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Beet me up: Six summery ways to enjoy the sweetest root vegetable

I peek under our hoop house garden bed to check the progress of the hundred beets we planted early in the winter. The greens look healthy and strong. For two months I have resisted the urge to harvest baby beets early. On occasion, I did harvest a few beets under the auspices of "thinning the bed."...

Shedding light on a permaculture farm: Review of “Bioshelter Market Garden”

As small farmers look for ways to cut costs and increase their profit margins, they focus more attention on the energy used on the farm. Whether they implement energy efficiency measures or find ways to produce home-grown energy (through wind, solar, biofuel, and more), farmers who examine the energy...

Slow what?: Review of “Slow Gardening”

By now, I’m sure that all good Ethicurean readers are familiar with Slow Food and the tenets of this movement: the pleasure of good, clean, fair food and celebrating our many food traditions. The idea of “Slow” has shown up in other organizations and ideas, such as Slow Cities and Slow Money, both of which...

Minding common ground: “Poly-farming” in northeast Ohio

Just about any road I take that leads me out of Wooster, Ohio, very quickly guides me past vast fields of corn or soybeans. Agriculture plays a vital role in Wayne County’s economy, and for several decades now, commodity crops have contributed more than their fair share to our local economy. Smaller farms...

For Labor Day: Farmworkers’ Rights Still in the Toilet

Cross-posted from the TEDxFruitvale blog. (Why? Read this.) Today is Labor Day, a time when most Americans think of barbecues and Mondays off, not so much the people who picked the potatoes in that salad and the peaches in the cobbler, or who slaughtered and processed the steer that became that hamburger....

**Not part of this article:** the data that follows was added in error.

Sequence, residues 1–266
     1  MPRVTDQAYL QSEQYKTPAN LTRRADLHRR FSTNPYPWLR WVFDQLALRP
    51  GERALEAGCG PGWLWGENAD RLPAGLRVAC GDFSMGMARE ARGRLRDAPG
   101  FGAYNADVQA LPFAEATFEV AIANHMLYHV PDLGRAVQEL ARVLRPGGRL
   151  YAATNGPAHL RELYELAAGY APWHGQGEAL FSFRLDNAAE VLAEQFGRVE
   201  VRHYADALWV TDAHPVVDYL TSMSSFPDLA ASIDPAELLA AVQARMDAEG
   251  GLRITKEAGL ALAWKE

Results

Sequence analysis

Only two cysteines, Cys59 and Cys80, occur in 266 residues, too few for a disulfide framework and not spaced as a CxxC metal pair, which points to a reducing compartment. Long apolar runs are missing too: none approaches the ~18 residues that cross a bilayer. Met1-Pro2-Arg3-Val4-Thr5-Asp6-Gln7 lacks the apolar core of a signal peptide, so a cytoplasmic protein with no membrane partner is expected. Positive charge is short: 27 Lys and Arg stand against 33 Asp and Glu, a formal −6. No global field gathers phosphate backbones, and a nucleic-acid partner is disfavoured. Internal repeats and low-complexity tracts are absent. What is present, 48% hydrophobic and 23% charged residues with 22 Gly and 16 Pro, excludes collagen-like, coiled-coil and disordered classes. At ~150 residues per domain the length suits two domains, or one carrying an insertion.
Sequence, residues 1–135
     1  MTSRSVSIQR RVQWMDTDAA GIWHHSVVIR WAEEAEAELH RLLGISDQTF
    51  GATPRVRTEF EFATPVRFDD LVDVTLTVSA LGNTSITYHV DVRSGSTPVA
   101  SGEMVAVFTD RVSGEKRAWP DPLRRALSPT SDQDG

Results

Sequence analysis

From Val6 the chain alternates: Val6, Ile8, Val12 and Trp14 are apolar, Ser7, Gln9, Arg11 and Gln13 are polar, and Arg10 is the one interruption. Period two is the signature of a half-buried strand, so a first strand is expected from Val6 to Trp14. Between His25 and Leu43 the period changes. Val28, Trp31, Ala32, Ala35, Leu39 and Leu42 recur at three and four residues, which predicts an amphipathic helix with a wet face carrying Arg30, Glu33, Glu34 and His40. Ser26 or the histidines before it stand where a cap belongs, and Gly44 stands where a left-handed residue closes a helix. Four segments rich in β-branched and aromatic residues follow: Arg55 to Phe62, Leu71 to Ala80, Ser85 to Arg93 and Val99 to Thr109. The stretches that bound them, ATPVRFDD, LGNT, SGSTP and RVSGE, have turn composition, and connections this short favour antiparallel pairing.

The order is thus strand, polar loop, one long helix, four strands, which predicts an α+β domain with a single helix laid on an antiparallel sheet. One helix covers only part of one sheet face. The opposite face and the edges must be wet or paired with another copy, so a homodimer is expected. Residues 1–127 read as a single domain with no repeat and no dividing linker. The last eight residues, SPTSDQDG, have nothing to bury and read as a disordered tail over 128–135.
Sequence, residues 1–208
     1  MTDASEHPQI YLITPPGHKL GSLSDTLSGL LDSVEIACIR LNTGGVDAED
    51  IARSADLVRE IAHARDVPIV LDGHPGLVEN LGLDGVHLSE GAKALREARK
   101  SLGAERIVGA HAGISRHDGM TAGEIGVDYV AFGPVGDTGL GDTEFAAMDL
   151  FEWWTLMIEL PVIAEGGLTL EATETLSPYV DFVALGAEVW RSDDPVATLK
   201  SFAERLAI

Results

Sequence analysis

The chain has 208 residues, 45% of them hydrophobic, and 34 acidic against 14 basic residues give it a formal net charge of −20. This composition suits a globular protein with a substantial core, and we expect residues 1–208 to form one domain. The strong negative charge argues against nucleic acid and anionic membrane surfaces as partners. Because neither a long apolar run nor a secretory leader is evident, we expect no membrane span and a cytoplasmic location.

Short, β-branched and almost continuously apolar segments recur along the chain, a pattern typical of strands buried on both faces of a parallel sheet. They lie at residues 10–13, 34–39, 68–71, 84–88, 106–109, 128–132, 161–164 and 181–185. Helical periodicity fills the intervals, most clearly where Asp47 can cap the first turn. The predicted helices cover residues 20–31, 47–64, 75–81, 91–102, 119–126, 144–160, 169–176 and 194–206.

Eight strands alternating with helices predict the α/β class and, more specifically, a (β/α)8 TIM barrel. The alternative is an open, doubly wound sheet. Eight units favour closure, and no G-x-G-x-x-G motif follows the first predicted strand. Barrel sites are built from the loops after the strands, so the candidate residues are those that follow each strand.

The Ethicurean lives! An update, in which I come out of my corporate closet

Tap, tap. Is this thing on? Does it still work? Wait, let me clear away the cobwebs from the microphone. Is that better? Can you hear me now? All five of you? (Hi mom! Hi Jack!) What readers remain may have wondered when someone was going to put this blog out of its misery. I certainly have. Unfortunately,...

Helping out the Milk Board’s new PMS campaign

The California Milk Processor's Board, which brought us the Got Milk? campaign, urges men this week to tell their cranky, about-to-menstruate women: "You really need to drink more milk." Men can get their PMS education on a new website "Everything I Do Is Wrong." Women may find the site confusing at first...

Goats: An overlooked pasture-raised animal

Goat meat is already very popular around the world – the Washington Post claims that goat makes up almost 70 percent of the red meat eaten globally – and its popularity could increase in the U.S. because of the convergence of several things:  renewed interest in grass-fed animals; openings of new butcher...

Bounty hunters: A review of two new local-foods cookbooks

As the local food movement expands and the numbers of small farms, CSA programs, and farmers markets increase, so grows the crop of cookbooks aimed at helping people make the best use of that seasonal bounty. Following in the path of Deborah Madison’s excellent overview of America’s farmers markets, Local...

Endangered, eh? Canada Scientists Confirm Bluefin Tuna Are in Deep Trouble

By Catherine Kilduff, Center for Biological Diversity * Updated on June 2, 2011 by Marc R.* It’s official: We really are fishing to extinction a fish that has sustained us for millennia, the bluefin tuna (Thunnus thynnus). Last week Canada’s scientists declared the Atlantic bluefin tuna endangered, meaning...

Highlights and questions from the Natural Products Expo West trade show

In March I attended the Natural Products Expo West, one of the largest trade shows for the natural products industry. Produced by New Hope Natural Media, the show had hundreds of exhibitors promoting their products — companies looking for new distribution, looking for new buyers, testing new flavors or...

“A beautiful bowl of glory”: Rancho Gordo’s Steve Sando on beans, trade, and the tortilla project

International trade can wreak havoc on small farmers and the global food culture: impoverishing peasants, destroying old ways of cooking, and reducing biodiversity.  Now and then, however, international trade can have the opposite effect, building up farmers instead of rolling over them, preserving heritage...

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